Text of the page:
Balance in keeping schools open and social activity must be found – Ombudsman

Social activity important for development after ‘extremely stressful’ 18 months

Cabinet is set to endorse recommendations from the National Public Health Emergency Team for children to reduce indoor socialisation and for those aged nine and over to wear masks in school. Photograph: iStock

Cabinet is set to endorse recommendations from the National Public Health Emergency Team for children to reduce indoor socialisation and for those aged nine and over to wear masks in school. Photograph: iStock

 

The Ombudsman for Children Dr Niall Muldoon has said it is important to find a balance between allowing children some socialisation and keeping schools open, after an extremely stressful 18 months for young people.

Dr Muldoon was speaking on RTÉ radio’s Morning Ireland after it emerged that Cabinet will likely endorse on Tuesday recommendations from the National Public Health Emergency Team for children to reduce indoor socialisation and for those aged nine and over to wear masks in school.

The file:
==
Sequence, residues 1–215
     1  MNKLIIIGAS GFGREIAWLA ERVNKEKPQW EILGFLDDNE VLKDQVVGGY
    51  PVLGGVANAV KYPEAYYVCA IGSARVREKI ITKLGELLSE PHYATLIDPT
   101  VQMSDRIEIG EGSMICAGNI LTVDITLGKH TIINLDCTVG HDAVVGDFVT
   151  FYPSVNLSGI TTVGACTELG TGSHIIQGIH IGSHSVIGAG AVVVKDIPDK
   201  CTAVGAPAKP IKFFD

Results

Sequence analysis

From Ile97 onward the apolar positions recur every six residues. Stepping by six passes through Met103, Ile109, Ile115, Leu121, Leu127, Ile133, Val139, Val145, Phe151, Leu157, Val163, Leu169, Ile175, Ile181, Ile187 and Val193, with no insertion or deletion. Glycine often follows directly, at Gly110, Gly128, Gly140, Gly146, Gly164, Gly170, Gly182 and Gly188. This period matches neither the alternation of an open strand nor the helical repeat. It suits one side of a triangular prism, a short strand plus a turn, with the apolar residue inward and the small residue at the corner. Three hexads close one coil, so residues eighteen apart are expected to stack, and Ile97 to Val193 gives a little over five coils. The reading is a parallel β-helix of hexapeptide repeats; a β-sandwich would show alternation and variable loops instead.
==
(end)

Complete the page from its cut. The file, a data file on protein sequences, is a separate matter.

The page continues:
Dr Muldoon welcomed the fact the new measures for children would be recommendations and not dictats.

He said this was the second Christmas where children were being asked to refrain from meeting up with friends and family, despite the importance of socialisation for development.

He said it was hugely important that schools remain open, saying: “We want to keep a strong routine for children.”

Dr Muldoon said the recommendations for children must be reviewed after two weeks, to see if they are working, and must be appropriate and proportionate.

Dr Muldoon also called for greater clarity on guidelines about mask-wearing in schools and assurance that children would not be ostracised.

He said situations where teachers or shopkeepers were put in a difficult position because a parent decided not to give their child a mask should not arise.

There could not be a situation where children were bearing more of the brunt of restrictions, he added.

Restrictions can be damaging to families, especially those that are vulnerable, Dr Muldoon warned, adding that lockdown scenarios had made life very difficult for some families.

“Children will never be found wanting,” which had been seen time and time again, he said.